D. Conclusions

141. Hungary has made significant progress in liberalizing its foreign trade regime as a result of unilateral measures implemented in the context of various stabilization measures (particularly the 1995 economic package) and the impetus created by commitments to multi-lateral trade agreements, including the Uruguay Round and the European Association Agreement. While the authorities have, at times, resorted to measures to restrict imports, these measures have been gradually removed (in the case of the import quota and the various statistical fees) or made progressively less restrictive (in the case of the global consumer quotas).

142. The disaggregated calculations in this chapter show that both nominal and effective protection diminished only slightly between 1990 and 1994 but aggregate data show a substantial reduction of 5 percentage points in the average tariff between 1990 and 1998. The data also could be interpreted to imply that tariff policy was applied in a relatively even-handed manner between sectors in the 1990–94 period. The agricultural and food sectors, however, continued to receive significantly higher nominal and effective protection than other sectors.


Prepared by Perry Perone.


For the purposes of the calculations in this chapter, implicit, rather than stated, tariff rates were used. The implicit rates were obtained by dividing actual tariff and duty collections by the value of customs-based imports. This method, to some extent, takes into account various exemptions to the published tariff rates for various entities or sectors.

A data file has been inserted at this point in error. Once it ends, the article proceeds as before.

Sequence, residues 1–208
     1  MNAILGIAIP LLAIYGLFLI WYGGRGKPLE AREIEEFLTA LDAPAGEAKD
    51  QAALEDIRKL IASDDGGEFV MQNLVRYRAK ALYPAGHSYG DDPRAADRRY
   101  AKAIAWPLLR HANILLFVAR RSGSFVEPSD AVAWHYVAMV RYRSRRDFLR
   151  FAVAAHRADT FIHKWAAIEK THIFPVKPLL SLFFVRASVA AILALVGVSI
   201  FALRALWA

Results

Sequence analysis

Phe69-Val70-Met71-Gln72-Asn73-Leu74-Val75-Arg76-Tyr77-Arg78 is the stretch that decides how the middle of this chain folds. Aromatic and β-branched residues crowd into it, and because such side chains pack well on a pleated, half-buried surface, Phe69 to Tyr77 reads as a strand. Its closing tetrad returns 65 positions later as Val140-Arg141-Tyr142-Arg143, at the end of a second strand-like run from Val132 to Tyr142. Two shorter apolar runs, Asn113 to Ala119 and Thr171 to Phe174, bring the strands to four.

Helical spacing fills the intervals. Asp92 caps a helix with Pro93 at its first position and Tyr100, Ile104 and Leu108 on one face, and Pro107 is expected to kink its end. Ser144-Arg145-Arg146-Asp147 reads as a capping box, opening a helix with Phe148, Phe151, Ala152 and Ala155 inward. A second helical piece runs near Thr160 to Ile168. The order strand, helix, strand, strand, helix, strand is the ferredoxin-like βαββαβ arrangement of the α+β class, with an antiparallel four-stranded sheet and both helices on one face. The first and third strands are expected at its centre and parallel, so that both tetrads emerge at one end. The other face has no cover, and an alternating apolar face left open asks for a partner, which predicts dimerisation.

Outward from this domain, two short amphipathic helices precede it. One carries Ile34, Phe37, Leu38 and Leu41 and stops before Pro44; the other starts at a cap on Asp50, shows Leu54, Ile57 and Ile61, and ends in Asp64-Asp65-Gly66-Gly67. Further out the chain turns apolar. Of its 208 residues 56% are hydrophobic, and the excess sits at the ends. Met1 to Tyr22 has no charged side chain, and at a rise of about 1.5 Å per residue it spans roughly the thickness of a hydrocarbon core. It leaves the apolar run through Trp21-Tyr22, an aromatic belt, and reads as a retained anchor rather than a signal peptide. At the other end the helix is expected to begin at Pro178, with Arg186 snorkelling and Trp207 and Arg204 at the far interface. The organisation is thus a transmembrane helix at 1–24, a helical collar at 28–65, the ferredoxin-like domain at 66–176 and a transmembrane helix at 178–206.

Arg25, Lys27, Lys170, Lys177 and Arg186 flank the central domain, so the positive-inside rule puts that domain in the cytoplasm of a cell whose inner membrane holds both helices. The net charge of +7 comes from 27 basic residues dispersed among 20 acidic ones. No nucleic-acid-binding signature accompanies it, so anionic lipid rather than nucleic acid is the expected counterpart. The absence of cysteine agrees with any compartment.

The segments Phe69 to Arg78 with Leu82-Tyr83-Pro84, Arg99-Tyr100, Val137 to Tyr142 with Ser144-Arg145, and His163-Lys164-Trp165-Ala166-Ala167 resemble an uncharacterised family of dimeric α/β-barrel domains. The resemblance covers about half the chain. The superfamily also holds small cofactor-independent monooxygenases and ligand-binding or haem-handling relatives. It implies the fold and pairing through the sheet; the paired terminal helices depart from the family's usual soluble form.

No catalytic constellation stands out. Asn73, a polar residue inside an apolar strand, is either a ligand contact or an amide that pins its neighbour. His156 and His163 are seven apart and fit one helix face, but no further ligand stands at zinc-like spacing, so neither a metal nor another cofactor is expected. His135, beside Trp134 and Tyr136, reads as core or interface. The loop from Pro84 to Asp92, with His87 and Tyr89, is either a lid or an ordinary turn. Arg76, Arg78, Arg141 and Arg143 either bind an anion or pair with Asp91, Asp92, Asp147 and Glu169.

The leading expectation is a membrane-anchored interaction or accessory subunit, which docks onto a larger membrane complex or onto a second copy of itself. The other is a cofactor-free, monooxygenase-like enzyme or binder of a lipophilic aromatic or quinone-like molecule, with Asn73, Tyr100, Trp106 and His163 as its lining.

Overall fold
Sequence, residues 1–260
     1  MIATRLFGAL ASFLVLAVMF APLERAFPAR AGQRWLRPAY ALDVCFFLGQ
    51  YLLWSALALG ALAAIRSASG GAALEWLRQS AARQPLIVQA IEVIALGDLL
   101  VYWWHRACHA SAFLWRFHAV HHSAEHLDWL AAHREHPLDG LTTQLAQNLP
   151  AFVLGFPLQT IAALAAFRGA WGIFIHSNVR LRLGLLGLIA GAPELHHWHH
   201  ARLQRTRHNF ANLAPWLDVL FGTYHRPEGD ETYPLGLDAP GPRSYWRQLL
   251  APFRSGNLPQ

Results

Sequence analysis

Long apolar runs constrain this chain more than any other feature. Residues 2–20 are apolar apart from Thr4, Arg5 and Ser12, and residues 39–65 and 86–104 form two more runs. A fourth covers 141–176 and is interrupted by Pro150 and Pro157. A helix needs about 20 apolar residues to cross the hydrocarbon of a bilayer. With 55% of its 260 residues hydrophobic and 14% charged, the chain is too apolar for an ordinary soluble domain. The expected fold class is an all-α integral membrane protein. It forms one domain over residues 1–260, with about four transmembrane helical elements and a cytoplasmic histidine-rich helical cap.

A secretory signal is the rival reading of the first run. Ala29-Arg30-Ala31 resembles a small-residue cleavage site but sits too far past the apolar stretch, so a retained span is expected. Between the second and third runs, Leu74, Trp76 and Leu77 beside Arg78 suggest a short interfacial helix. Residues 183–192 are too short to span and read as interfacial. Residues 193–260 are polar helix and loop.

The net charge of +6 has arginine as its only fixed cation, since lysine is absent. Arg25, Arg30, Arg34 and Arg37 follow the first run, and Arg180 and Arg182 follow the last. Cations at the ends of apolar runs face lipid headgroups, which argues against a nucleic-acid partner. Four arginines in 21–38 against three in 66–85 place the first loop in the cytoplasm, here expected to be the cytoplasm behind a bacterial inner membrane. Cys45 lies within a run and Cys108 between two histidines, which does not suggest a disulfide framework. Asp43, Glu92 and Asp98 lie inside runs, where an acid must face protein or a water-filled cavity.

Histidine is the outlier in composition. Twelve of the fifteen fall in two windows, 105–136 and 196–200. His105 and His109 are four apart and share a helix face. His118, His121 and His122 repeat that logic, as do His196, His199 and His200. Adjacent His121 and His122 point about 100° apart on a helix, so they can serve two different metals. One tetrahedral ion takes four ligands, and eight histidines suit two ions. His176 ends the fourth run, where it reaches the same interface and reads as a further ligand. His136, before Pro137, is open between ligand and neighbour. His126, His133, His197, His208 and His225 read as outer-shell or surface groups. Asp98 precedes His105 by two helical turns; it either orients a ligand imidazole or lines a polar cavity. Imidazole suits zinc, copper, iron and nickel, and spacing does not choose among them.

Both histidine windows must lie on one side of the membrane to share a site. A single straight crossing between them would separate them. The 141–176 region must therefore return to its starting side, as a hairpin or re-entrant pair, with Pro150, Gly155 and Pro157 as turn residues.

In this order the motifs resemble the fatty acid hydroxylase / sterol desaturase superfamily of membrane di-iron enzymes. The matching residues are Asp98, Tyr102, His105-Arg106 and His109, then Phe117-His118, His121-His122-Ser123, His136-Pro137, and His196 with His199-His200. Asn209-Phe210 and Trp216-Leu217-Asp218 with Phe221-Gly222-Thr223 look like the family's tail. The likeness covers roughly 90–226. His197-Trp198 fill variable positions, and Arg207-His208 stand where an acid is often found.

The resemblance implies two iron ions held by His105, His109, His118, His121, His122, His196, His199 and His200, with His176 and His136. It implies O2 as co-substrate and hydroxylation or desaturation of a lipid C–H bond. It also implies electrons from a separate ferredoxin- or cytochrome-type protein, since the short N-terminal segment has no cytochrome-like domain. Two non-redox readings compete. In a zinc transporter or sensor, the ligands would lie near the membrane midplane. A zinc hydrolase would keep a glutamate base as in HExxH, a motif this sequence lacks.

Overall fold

The tariff revenue data and customs-based import data for 1997 and 1998 were projections made by the Ministry of Finance.


For more details on the evolution of trade policy and trade agreements entered into by Hungary see the following documents: 1. Examination of Trade Policy Aspects Concerning Countries Requesting OECD Membership: Hungary, OECD 1996; 2. Trade Policy Review Mechanism: The Republic of Hungary-Report by the Secretariat, GATT 1991.


It was in the 1970s that the large external debt burden began to be accumulated. This was the result of a dramatic deterioration in the terms of trade related to increases in energy prices, weak export performance, and the authorities’ policy choices in response to the external shocks. By the end of the 1970s Hungary’s external debt stood at some US$10 billion.


See “Import Liberalization in Hungary,” by A. Nagy in Acta Oeconomia, Vol. 46 (1–2), 1994 for a detailed discussion of this period.


The Most Favored Nation clause states that the contracting parties are bound to grant each other treatment as favorable as they extend to any other country regarding the application of import and export duties and other trade regulations.


A tariff line is bound when the authorities commit not to raise the tariff on the particular good above the level set in the Tokyo or Uruguay Round. In many cases, the bound level is set well above the actual level of the tariff.


Trade in agricultural products with the EU and individual EFTA states is subject to special arrangements.


This derivation follows the presentation in The Theory of Protection, by Max Cordon, 1971. Oxford University Press, pp. 35–37.


In Hungary there is a significant difference between imports and exports reported on a customs basis and those reported in the balance of payments. The discrepancy has not been entirely accounted for by the authorities, but arises in part from the exclusion in the customs statistics of imports of goods for re-export and the subsequent exports.